Fusion Wayang Kulit

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This article first appeared in The Edge Financial Daily, on November 2, 2015.

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If names of characters like Sangkala Vadeh and Puteri Leia have piqued your interest, then perhaps Fusion Wayang Kulit duo Tintoy Chua and Take Huat are a step closer to realising their unique ideals of reviving the art of wayang kulit in Malaysia.

Wayang kulit is usually associated with the legendary Hikayat Seri Rama and the triumph of good over evil, but now you can also see popular superheroes in shadow puppetry form. Tintoy and Take Huat, who are the founder and co-founder of Fusion Wayang Kulit respectively, are excited to reveal their latest DC superheroes collection that will be showing for the first time here in Kuala Lumpur. It is interesting to see the puppets of all-time favourites such as Superman, Batman and Wonder Woman dressed in their usual gear, but amalgamated with wayang kulit elements.

Fusion Wayang Kulit started off when Tintoy was invited to participate in an art exhibition called Designers Weekend a few years ago. Following the success of the Fusion Wayang Kulit’s maiden show — Peperangan Bintang in 2013, inspired by the iconic sci-fi film Star Wars — the group went on to create more puppets and put up more exhibitions including the recent one in Gurney Paragon Mall, Penang in August this year.

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Both Penang-born Tintoy and Take Huat agree that “Peperangan Bintang was a very exciting project”, but they stress that the star of the show is wayang kulit. “We do not want to limit ourselves to Star Wars alone. It is not about Star Wars, it is about wayang kulit,” they explain when we meet at their studio in Ampang.

When asked how Star Wars had made the cut, Tintoy, a character designer at Action Tintoy Design Lab tells us animatedly, “It has spaceship, it has aliens, it has good and evil … At the end of our brainstorming session we simultaneously exclaimed — Star Wars!” The struggle between good and evil is a common element in traditional wayang kulit shows and this draws a parallel with the story line of Star Wars.

After much research, trial and error, Fusion Wayang Kulit with its legion of puppets was born. “We wanted to do something about Malaysian culture and as a character designer it was easier to relate to wayang kulit, which was based on characters too,” says Take Huat, who is a senior art director at Geometry Global. “I got this crazy idea of reviving this traditional art. I knew it was going to be huge, huge not in terms of success, but in terms of [having] a lot of things to do.” Since the production of their first two puppets in July 2012, they have been fortunate to gain guidance from Pak Daim, a Tok Dalang or master puppeteer from Kelantan, who contacted them via Facebook upon learning about the group. 

The “fusion” aspect is apparent in the collaboration of these two sci-fi-loving designers and 63-year-old Pak Daim who is an expert in his field. “He (Pak Daim) does not really know about Star Wars but is willing to look into this. He sees our project as something that can attract the youth and he has been looking for ways to revive this art too,” Tintoy says when speaking about the partnership.

The origins of shadow puppetry is debatable. It can be found in many countries in the Southeast Asia and Tintoy and Take Huat point out that theirs is based on Malaysian wayang kulit and not the Javanese version, which differ from one another in terms of the aesthetics of the puppets used in each show.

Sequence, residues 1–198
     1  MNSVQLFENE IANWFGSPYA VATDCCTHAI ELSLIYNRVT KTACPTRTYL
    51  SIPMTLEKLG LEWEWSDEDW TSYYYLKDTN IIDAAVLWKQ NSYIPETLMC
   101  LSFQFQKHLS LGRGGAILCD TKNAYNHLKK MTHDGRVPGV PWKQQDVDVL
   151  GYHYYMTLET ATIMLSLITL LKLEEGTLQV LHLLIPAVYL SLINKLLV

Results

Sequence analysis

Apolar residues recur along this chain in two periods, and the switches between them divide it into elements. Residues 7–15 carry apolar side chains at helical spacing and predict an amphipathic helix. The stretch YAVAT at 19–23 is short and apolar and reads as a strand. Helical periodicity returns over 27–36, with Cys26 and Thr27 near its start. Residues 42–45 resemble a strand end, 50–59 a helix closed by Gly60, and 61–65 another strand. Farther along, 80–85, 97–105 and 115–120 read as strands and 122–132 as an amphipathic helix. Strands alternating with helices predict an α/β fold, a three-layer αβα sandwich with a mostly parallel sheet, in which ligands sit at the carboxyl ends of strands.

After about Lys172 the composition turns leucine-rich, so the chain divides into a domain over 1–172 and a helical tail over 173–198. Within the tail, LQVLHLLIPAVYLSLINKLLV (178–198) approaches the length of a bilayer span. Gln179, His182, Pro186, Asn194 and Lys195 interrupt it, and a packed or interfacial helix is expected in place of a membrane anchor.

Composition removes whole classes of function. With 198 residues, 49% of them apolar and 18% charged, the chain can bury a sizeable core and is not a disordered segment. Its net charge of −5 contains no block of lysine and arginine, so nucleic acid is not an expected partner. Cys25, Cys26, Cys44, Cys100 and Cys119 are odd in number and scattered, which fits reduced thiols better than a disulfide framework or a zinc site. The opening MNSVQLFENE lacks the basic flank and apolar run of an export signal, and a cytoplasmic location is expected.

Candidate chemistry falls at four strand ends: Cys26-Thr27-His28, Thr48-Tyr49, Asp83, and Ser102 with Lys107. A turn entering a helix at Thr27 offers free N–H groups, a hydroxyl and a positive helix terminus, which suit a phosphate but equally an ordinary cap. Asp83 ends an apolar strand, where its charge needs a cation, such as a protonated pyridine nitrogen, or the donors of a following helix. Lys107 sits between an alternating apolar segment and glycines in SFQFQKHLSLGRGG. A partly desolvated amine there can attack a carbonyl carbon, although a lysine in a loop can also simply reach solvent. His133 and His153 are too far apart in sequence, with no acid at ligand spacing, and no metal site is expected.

It takes two to three weeks to produce each puppet, and the process begins with designing and sketching each character before consulting Pak Daim on the accuracy of the design. Then the puppet is designed by computer before it is sent to Pak Daim, who will print out the design, attach it to cow hide and commence the knocking process that will result in holes or intricate designs that create the silhouette of the puppet when placed in front of light. 

Tintoy and Take Huat are cautious not to stray too far from the original art form or change the experience of watching shadow puppetry. The focus is to enhance it instead. “We want to stay true to the traditional wayang kulit, what we have done is enhancements,” Tintoy says. A typical wayang kulit performance by the group would involve Pak Daim as the Tok Dalang as well as an array of lighting and sound engineers who control the video projector for the light (as opposed to using oil lamps or candles), an animated background and various voices for different characters.

The idea behind taking something traditional and combining with something futuristic, be it Star Wars or DC Superheroes, is to make the former more relatable to a new generation of audiences. The appearance of each puppet is amalgamated with the traditional aesthetics of wayang kulit puppets, maintaining the fundamentals of the art while being relevant to a larger audience.

 “We definitely want to do more performances. We see that it is a working formula, so we will continue doing it,” says Tintoy. Fusion Wayang Kulit combines a love for art and character design with the dream of reviving wayang kulit in Malaysia in hopes that this form of art will go beyond only being taught in schools or read about in books.


The Shadow of Change Exhibition featuring the DC superheroes collection, existing puppets from Peperangan Bintang and a special Halloween collection is open for viewing from now until Nov 8. Drop by Lot G-17, ground floor, Bangsar Village 1, Bangsar Baru, Kuala Lumpur between 10am and 10pm to view the exhibition. More information can be found on www.facebook.com/FusionWayangKulit.